One thing you WILL need a gas station for

One thing you WILL need a gas station for

Checking the tires! Yes you can have one of those "toy" compressors at home, but they are a real nuisance. I assume air is free at gas stations in the USA? it is here in Australia. Lots of people pull in simply to pump up their tires and drive off. The air supply is well removed from the pumps at all gas stations i visit.

Velo1 | 18/12/2012

Not always free in U.S., but often only 25-50 cents to put air in tires.

Brian H | 18/12/2012

Free to customers is the usual I've seen.

lightly | 18/12/2012

In NY nothing is free. Paid $.75 last week for exactly 2 minutes of air. Well I guess that price will go up in the future when we all pull up in our EV's to the corner "air station". :)

BYT | 18/12/2012

I purchased the Tesla Motor's compressor that works with the 12 volt connector in the car, it works great!

Chuck Lusin | 18/12/2012

How about a Sig Red air compressor? Just add the NEMA 14-50 plug, and plug it in when the car is out. You will not need the gas station anymore!

Mark E | 19/12/2012

I have a proper compressor in the garage. I never use a servo any more unless travelling.

BYT | 19/12/2012

@Chuck Lusin, you don't need all of that, the $50 option from Tesla works just fine... :)

Chuck Lusin | 19/12/2012

@ BTY,

Yea, I already have two compressors at home, the Tesla one is a bit more portable. The monster size, Sig Red and NEMA 14-50 was kind of a joke?

Joshua Burstyn | 19/12/2012

What will I need a gas station for?

Entertainment. Watching my neighbours spend $50+/tank is going to be good fun. :-)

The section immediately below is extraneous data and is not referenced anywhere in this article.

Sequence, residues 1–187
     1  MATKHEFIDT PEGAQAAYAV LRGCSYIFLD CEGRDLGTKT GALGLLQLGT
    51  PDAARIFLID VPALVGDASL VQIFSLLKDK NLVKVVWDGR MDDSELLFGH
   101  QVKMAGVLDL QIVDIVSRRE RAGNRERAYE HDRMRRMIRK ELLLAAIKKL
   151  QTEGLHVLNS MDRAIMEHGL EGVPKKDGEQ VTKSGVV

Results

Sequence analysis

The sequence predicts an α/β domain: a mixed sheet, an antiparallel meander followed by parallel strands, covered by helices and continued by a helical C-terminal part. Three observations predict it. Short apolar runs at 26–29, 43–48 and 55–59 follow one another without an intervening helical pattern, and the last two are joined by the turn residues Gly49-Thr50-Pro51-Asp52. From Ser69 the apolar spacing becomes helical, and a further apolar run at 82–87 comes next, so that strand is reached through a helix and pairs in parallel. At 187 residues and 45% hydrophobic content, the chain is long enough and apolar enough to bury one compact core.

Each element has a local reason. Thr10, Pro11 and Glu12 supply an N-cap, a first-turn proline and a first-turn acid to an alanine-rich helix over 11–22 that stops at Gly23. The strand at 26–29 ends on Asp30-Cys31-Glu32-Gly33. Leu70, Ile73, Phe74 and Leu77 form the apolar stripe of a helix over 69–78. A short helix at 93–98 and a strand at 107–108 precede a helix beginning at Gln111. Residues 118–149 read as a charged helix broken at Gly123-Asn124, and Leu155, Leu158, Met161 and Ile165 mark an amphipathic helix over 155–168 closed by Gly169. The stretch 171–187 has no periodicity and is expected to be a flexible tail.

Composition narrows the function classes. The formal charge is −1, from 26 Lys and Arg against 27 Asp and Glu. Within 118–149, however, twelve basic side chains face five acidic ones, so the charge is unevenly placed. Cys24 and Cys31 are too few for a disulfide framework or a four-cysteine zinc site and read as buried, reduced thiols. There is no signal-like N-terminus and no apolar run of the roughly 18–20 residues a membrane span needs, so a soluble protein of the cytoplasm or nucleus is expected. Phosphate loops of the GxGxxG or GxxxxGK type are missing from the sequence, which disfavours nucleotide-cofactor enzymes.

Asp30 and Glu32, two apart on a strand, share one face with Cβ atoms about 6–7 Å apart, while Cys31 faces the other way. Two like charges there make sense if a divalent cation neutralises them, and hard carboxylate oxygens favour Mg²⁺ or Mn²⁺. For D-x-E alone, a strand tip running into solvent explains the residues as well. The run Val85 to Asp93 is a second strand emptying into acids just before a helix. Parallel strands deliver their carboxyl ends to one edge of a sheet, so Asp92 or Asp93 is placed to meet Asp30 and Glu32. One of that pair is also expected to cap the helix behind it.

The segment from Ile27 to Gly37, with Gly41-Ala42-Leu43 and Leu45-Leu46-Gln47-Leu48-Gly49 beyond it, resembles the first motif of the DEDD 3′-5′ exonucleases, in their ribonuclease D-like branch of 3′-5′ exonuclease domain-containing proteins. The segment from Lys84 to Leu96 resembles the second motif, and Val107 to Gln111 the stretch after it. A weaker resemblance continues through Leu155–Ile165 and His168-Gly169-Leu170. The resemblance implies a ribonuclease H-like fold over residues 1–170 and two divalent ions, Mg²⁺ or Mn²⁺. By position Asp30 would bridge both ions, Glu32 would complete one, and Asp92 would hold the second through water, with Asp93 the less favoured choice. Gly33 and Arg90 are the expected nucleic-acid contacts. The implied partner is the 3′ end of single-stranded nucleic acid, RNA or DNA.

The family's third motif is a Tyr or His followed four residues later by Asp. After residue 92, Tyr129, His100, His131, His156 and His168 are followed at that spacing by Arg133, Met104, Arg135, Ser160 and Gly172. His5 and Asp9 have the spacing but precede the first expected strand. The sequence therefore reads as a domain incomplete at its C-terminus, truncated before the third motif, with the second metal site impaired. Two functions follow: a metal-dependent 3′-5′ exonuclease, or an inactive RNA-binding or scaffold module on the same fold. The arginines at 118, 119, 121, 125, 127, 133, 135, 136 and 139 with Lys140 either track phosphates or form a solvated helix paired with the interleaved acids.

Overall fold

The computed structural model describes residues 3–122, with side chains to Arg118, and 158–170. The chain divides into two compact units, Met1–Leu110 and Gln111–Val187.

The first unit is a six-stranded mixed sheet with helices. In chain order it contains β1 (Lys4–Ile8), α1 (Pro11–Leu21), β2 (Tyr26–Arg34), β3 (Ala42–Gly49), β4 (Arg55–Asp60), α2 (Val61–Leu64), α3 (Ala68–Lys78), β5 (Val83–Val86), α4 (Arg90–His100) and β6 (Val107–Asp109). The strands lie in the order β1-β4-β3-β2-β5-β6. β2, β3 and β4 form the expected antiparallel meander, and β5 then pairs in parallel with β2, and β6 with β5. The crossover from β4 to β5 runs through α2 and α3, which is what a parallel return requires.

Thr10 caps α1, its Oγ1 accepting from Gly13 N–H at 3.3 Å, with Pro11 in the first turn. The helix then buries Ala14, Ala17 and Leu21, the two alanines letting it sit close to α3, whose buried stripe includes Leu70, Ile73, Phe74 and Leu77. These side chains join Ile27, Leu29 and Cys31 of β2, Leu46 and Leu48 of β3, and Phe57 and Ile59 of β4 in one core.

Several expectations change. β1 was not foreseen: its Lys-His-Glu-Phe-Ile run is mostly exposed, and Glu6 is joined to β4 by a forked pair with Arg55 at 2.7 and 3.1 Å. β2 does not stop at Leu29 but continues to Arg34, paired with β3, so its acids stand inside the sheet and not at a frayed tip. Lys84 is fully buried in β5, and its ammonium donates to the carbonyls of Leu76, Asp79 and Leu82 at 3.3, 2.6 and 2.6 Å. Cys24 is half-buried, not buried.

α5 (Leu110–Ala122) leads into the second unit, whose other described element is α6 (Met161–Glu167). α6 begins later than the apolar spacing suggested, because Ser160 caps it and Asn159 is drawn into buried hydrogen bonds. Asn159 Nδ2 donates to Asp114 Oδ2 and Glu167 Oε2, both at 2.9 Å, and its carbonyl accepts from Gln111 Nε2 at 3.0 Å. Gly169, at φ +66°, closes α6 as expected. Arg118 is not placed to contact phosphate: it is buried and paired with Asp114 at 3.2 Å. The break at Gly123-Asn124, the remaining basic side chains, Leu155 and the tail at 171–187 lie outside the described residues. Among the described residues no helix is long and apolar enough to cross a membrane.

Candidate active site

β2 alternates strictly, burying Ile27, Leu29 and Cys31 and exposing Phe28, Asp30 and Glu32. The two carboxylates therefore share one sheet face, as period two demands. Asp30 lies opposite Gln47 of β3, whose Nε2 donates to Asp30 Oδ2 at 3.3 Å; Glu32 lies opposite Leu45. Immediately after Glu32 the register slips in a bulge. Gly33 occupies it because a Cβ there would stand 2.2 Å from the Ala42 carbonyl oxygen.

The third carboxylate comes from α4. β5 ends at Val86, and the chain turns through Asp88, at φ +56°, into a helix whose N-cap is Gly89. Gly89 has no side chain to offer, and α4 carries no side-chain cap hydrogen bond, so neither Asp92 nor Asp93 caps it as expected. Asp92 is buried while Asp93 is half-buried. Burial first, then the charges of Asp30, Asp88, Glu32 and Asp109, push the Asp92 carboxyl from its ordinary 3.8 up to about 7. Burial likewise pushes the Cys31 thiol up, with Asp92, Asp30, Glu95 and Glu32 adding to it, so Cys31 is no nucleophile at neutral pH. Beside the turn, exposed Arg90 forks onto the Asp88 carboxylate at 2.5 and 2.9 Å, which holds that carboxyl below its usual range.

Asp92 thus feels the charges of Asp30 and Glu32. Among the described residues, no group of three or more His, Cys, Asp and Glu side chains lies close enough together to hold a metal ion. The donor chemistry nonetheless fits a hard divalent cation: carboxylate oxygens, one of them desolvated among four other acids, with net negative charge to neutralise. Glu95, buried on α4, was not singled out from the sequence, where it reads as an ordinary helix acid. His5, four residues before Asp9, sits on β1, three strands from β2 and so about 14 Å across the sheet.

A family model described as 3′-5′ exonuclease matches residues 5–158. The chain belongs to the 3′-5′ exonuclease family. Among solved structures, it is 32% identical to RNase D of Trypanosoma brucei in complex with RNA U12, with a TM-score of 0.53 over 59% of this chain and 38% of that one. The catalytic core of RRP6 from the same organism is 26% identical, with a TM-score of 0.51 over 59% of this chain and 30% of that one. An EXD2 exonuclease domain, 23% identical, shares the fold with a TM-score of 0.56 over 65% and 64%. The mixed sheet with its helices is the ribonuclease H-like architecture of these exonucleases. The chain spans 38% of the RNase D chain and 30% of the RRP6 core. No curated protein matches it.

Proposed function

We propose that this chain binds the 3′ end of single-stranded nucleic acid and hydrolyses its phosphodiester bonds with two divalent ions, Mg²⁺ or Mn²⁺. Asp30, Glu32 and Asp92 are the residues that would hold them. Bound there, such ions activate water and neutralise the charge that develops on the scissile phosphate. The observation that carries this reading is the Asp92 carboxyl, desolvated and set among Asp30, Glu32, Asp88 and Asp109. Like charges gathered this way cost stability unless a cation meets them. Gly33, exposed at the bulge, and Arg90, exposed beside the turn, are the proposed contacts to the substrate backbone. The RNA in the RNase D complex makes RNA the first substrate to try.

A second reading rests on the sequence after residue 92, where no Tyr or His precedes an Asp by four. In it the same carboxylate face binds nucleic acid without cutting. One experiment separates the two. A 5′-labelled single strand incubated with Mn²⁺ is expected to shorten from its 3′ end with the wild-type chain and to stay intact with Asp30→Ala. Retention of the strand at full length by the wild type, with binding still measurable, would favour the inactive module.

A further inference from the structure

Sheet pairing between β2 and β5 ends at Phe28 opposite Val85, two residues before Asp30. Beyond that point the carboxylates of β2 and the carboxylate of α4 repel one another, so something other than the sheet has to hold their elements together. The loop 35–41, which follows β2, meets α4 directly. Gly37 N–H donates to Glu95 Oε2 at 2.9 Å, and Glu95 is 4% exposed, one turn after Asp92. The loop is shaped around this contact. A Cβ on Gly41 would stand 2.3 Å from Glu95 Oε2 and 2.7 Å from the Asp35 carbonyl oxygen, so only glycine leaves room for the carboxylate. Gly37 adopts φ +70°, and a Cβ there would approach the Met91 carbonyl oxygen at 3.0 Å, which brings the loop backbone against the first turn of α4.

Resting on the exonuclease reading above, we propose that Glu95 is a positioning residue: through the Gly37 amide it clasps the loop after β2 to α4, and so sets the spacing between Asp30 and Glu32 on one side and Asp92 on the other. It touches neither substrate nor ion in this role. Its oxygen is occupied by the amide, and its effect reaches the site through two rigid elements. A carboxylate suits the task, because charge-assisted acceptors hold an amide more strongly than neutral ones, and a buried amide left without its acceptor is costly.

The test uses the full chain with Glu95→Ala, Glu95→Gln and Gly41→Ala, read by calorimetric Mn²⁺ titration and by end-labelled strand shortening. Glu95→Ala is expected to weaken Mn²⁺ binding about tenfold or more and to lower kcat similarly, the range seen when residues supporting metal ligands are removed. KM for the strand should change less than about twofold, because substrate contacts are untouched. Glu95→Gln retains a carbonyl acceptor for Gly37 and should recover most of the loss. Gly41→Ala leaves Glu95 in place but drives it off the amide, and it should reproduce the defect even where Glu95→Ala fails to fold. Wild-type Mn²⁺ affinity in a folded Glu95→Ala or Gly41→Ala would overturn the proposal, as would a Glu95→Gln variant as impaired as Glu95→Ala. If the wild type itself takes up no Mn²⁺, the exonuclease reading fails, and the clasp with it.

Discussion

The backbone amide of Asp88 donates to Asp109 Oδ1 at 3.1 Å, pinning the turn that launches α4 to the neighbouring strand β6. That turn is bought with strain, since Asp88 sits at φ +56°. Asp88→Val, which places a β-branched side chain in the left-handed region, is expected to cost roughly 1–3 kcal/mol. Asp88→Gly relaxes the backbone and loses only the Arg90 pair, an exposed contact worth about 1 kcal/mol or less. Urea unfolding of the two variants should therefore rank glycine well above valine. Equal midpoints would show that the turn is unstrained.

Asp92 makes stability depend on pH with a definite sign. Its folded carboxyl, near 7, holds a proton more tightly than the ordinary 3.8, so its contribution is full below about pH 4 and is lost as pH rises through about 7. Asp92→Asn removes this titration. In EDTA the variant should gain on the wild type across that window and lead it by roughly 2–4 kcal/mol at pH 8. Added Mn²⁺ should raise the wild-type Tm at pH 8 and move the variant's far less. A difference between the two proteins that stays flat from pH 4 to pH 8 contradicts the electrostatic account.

jackhub | 19/12/2012

I have not used a gas station air compressor since they started charging. I have a foot pump that works fine up to 100 PSI.

sagebrushnw | 19/12/2012

@ Jewsh

Sometimes $50 is easier to come by than $50K-$100K. Rather be driving the Model S but it does cost a lot of cash.

nickjhowe | 19/12/2012

@BYT - did you buy the $50 compressor from Tesla? They call it a tire repair kit. What else does it come with?

BYT | 19/12/2012

@Chuck Lusin, sorry, I missed that, didn't make a lot of sense and it turns out it was because my sense of humor was on off at the time of my reading that... :)

@nickjhowe, I did purchase it, the Tire Repair Kit, and this is what Tesla say's it is:

"The tire repair kit contains a bottle of sealant and an air compressor to patch up small punctures. In the event of a puncture, simply attach the hose from the sealant bottle (included in the mechanism) to the tire valve and the compressor (powered by your vehicle's 12V outlet) will force both sealant and air into the tire, effectively repairing the hole and filling the tire. Keep proper tire pressure maintained with the Tire Repair Kit as well, although independent of the tire sealant."

It does have the bottle of sealant built into the case and using a clear hose that attaches to the separate air compressor hose would force the sealant into the tire to patch it. Otherwise you can just use the compressor standalone to fill the tires. It also has some needles and other small adapters for filling soccer, basketball or football's. :)

FLsportscarenth... | 19/12/2012